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Michigan physicians say routine child immunization rates are down

Michigan physicians say there’s been a drop in immunization rates over the past two years —particularly among children. That includes vaccines for diseases such as polio and measles.

At a media briefing on Monday hosted by the Michigan Academy of Family Physicians, the drop was attributed to a lack of access to in-person care earlier in the pandemic and misinformation around vaccines.

“Since the beginning of the COVID pandemic, we have seen an alarming decrease in childhood vaccinations and adult vaccinations that protect against highly contagious and serious illnesses,” said Dr. Delicia Pruitt, medical director for Saginaw County Health Department and associate professor of medicine at Central Michigan University. “Now we need to reverse this trend before we see these preventable diseases return.”

Pruitt said there’s been a 6% drop in toddler vaccinations statewide and currently, 32% of Michigan toddlers are at risk for preventable diseases because their immunizations are not up to date. Immunization rates are lower among children of color, children living in poverty, and those who are uninsured or are covered by Medicaid, she said.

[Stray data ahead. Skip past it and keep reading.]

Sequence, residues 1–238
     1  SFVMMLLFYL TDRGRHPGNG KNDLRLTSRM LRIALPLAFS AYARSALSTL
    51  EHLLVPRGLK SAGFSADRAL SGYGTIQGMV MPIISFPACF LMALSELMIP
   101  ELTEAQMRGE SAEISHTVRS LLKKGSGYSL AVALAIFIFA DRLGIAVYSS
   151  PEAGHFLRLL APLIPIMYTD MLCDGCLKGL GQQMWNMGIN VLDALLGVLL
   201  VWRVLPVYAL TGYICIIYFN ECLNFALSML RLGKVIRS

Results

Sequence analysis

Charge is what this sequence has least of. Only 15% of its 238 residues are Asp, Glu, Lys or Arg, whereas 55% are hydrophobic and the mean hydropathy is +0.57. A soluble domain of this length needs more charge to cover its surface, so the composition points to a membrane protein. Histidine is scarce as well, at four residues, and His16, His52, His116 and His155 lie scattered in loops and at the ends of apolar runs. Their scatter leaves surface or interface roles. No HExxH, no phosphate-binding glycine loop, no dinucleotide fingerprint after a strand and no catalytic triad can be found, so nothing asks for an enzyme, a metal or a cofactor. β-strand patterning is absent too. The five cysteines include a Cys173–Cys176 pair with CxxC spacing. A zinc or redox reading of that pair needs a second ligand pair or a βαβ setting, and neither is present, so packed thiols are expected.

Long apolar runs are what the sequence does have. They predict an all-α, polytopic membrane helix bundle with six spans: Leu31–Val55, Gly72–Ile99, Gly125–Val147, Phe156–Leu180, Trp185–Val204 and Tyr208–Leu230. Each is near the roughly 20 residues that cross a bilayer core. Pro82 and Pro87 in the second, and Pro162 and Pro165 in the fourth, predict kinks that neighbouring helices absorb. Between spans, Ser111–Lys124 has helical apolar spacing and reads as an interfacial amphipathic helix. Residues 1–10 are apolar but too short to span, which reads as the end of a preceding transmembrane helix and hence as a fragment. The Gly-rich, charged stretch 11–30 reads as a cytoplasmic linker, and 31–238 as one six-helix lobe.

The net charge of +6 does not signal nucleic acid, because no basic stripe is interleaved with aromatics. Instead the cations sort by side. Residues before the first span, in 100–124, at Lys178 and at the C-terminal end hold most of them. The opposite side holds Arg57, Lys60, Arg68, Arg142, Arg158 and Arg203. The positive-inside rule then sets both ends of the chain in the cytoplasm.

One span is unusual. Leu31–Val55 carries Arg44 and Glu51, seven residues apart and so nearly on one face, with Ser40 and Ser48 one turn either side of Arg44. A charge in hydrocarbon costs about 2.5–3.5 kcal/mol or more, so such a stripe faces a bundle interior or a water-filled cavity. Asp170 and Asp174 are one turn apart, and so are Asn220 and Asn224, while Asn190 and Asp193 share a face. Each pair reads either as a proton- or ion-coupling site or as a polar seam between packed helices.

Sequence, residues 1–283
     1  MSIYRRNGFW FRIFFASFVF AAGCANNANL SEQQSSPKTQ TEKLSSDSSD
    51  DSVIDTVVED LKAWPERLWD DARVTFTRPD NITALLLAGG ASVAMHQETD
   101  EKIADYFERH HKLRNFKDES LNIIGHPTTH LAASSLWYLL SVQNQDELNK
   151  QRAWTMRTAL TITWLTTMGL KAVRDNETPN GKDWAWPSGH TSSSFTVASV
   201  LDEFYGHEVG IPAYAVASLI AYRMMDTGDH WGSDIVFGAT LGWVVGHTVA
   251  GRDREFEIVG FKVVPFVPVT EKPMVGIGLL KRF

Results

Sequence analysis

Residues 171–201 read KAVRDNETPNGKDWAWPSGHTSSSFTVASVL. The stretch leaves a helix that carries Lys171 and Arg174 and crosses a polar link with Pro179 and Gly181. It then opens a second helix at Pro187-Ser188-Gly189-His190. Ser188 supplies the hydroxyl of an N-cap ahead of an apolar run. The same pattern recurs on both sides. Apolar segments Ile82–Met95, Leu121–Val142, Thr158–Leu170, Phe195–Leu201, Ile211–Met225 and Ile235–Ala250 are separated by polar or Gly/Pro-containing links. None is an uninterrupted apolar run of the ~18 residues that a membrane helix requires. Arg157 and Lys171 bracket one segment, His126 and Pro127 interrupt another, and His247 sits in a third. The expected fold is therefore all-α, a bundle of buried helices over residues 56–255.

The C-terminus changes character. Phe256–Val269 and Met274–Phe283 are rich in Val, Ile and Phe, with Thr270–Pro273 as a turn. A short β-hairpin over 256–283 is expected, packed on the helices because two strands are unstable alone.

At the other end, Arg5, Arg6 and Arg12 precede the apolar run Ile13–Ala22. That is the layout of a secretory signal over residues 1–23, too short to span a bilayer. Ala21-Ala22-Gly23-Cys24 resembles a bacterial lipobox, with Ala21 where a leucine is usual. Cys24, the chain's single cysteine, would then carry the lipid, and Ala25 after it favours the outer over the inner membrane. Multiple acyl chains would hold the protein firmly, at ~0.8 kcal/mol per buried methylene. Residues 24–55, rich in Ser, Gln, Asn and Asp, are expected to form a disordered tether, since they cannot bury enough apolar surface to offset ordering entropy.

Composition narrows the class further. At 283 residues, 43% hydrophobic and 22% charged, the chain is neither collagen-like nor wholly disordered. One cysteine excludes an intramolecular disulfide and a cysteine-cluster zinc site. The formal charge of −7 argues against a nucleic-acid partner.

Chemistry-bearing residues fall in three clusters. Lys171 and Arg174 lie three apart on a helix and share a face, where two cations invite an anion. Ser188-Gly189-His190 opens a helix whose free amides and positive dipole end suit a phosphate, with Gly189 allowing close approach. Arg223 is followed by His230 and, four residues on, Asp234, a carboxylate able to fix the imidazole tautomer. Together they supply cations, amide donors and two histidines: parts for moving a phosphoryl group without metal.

"Immunizations are the reasons we have eliminated so many illnesses suffered by past generations," Pruitt said. "Since we don't hear much these days about many of these contagious illnesses of the past, people often forget just how dangerous they actually are."

She and the other physicians urged parents to get their children up-to-date on immunizations before school starts.

“One of the biggest threats to health right now is the misinformation around health-related issues, especially vaccines,” said Dr. Beena Nagappala, president-elect of the Michigan Academy of Family Physicians.

Sophia Kalakailo joined Michigan Radio in Sept. 2021 and is a senior at Michigan State University studying journalism and minoring in documentary production. She previously interned at Bridge Michigan and was an editor for The State News and The Eastern Echo covering a wide range of topics.
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